By Isa Jones
By Mary Willson
By Brian Turk
By Drew AIles
By Taylor Boylston
By Bree Davies
By Emerald O'Brien
"I know that you've read that he was a true gentlemen, and he certainly was. I was very impressed with that," she says. "And he loved his fans. It just broke his heart when it got to where he couldn't sign autographs anymore. One time in 1956 or 1957, we were going out for dinner with my mother and daddy after a show, and the kids just about ripped him apart when he made a dash for our car. His coat was half off, someone had ripped his tie off, and his shirt was all unbuttoned--they'd tried to pull that off, too. And, of course, he was just laughing. He loved every minute of it."
As anecdotes go, Jackson's Elvis memories may not compare with author Albert Goldman's tales of the late-period King romping with willing vixens clad in white panties, but it's an indication of the width and breadth of her musical career. She emerged on the pop scene as a teenager, and while her rockabilly tunes didn't bust any sales marks, they have proven to be lastingly influential. Whether they know it or not, every woman rocker with a brassy manner and a knack for putting men in their place owes a debt of gratitude to Wanda Jackson.
But Jackson is more than a rockabilly icon. When her dalliance with rock and roll began to run its course, she returned to her first love: country music. She scored country hits throughout the Sixties and, after becoming a Christian in the early Seventies, embarked on an excursion into the gospel field. Today she continues to practice Christianity, but she has no problem performing the scorching rockabilly with which she made her name. "I was always pretty careful selecting material," she maintains, "and I always had Christian beliefs even before I actually became a Christian--I was brought up in the church. Besides, I think all that music was very innocent."
That may be so, but it didn't sound so pure when Jackson sang it. Her enthusiastically lascivious delivery of the lines "Some people like to rock/Some people like to roll/But movin' and a-groovin's gonna satisfy my soul" (from "Let's Have a Party," a Jackson signature piece that Presley warbled in the film Loving You) strongly implies that playing Pin the Tail on the Donkey isn't what she's got in mind. She's just as forward on "Hot Dog! That Made Him Mad," in which she gets even with an indifferent boyfriend by going out with his best friend, then laughing in her beau's face when he demands to know where she's been. And on "Fujiyama Mama," she offers one of the most jaw-dropping performances of her era or any other. The tune's lyrics--"I've been to Nagasaki/Hiroshima, too/The same I did to them, baby/I can do to you/Because I'm a Fujiyama Mama/And I'm just about to blow my top/And when I start erupting/Ain't nobody gonna make me stop"--may be politically incorrect atomic-age relics, but Jackson gives them a gleeful danger that can still stop clocks nearly four decades later.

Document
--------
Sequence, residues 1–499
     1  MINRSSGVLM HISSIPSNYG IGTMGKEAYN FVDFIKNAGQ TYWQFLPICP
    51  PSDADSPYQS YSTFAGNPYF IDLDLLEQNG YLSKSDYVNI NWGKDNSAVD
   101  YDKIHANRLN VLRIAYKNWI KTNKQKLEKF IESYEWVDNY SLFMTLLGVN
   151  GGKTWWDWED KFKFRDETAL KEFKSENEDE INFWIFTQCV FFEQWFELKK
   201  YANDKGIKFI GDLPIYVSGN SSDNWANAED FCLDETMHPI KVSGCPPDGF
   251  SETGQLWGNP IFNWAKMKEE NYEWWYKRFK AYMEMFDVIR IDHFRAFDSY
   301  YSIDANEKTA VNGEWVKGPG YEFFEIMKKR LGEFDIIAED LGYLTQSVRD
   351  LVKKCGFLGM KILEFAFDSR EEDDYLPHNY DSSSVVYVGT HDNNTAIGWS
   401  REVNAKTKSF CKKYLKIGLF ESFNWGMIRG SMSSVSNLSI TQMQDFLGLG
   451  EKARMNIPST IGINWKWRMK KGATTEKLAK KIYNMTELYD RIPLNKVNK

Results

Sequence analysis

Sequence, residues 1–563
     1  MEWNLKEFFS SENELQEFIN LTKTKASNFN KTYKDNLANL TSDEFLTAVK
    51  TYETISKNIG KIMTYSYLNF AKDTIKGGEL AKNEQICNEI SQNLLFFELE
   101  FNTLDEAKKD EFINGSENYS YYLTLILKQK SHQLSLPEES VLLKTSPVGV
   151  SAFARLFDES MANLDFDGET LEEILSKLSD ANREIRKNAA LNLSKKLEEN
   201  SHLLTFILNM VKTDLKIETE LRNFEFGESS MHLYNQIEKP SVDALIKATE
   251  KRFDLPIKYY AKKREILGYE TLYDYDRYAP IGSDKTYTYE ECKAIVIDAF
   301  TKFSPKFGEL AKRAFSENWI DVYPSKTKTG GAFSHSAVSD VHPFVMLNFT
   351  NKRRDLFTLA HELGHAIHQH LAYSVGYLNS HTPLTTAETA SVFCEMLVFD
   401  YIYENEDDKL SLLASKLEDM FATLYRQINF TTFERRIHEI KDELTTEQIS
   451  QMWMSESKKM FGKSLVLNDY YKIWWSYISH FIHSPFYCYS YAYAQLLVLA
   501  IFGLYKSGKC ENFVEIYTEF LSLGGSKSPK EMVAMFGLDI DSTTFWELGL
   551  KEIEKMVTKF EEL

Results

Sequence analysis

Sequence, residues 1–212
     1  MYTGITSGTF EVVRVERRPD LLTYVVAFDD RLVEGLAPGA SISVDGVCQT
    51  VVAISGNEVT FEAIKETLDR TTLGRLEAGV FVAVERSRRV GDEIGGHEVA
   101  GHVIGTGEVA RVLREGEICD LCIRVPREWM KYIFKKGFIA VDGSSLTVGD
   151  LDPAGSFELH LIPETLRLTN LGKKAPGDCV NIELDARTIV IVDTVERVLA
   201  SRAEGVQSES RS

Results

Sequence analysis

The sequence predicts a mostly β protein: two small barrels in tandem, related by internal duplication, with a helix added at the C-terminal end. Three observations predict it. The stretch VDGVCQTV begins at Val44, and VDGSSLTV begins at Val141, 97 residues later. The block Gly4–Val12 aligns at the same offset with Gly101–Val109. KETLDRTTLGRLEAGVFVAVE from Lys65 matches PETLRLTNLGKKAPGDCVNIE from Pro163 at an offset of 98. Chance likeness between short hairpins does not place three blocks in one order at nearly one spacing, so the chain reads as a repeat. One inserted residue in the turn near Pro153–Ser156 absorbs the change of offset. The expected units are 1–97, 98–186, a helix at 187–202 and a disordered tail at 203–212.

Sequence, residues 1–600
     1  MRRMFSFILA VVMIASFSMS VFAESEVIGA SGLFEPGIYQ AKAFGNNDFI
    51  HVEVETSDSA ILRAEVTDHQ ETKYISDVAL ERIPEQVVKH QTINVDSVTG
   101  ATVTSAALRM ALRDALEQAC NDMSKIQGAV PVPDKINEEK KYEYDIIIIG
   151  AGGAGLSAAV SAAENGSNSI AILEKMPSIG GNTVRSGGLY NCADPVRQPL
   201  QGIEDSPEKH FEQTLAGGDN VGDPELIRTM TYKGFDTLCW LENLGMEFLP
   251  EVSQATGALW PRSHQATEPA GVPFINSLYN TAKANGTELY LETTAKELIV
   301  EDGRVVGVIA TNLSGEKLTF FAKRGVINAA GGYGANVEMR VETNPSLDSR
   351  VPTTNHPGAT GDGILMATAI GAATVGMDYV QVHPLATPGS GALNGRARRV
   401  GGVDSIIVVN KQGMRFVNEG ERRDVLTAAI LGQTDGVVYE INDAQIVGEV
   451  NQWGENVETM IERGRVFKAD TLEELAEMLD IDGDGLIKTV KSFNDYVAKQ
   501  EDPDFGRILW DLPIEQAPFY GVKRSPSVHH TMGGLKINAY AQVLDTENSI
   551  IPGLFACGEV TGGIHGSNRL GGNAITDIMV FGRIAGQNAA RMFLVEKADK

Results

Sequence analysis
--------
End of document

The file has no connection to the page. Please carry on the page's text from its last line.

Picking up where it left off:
The forcefulness that Jackson exudes has made her a women's-movement hero--an honor she's reluctant to embrace. "I'm certainly not a feminist," she declares. "I'm all female, if you know what I mean. I like it the old-fashioned way. I like men to take care of me." But at the same time, Jackson recognizes that she didn't kowtow to Fifties notions of how women were supposed to behave. According to her, "I was just being me, but I did realize that I was different."
Born in Maud, Oklahoma, less than an hour's drive from Oklahoma City, Jackson moved with her family to California when she was four. A few years later she picked up a guitar, and by the time she was sixteen, she was duetting with the Brazos Valley Boys, a group associated with Hank Thompson. She cut a handful of country sides for Capitol in 1956 and wound up on several package tours with Presley while promoting them. Inspired by Elvis, she interspersed country recordings with the rockabilly tunes for which she's best known in rock circles--"Honey Bop," "Mean, Mean Man" and "Riot in Cell Block #9" among them.